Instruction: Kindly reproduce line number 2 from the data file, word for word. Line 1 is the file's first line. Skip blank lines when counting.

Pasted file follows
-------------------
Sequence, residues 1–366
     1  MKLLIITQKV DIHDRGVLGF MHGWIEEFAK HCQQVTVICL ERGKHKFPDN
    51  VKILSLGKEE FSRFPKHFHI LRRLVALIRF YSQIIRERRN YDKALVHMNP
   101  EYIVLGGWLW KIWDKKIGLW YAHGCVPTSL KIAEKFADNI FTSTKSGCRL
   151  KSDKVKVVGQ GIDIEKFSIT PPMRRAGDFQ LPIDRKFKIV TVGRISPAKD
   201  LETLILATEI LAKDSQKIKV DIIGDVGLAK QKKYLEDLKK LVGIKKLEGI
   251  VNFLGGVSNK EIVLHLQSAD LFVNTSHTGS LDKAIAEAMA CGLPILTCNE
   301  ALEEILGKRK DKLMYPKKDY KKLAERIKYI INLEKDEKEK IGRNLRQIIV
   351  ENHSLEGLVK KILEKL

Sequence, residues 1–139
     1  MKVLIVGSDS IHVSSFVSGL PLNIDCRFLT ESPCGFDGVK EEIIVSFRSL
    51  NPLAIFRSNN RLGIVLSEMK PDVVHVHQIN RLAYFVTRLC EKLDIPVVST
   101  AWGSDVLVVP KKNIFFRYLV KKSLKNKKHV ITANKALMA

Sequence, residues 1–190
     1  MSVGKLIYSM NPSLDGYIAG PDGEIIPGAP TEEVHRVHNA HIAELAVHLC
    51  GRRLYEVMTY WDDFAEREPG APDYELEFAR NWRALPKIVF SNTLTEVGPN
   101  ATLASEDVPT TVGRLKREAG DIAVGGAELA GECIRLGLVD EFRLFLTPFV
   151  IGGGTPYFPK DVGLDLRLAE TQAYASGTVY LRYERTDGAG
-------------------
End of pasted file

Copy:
     1  MKLLIITQKV DIHDRGVLGF MHGWIEEFAK HCQQVTVICL ERGKHKFPDN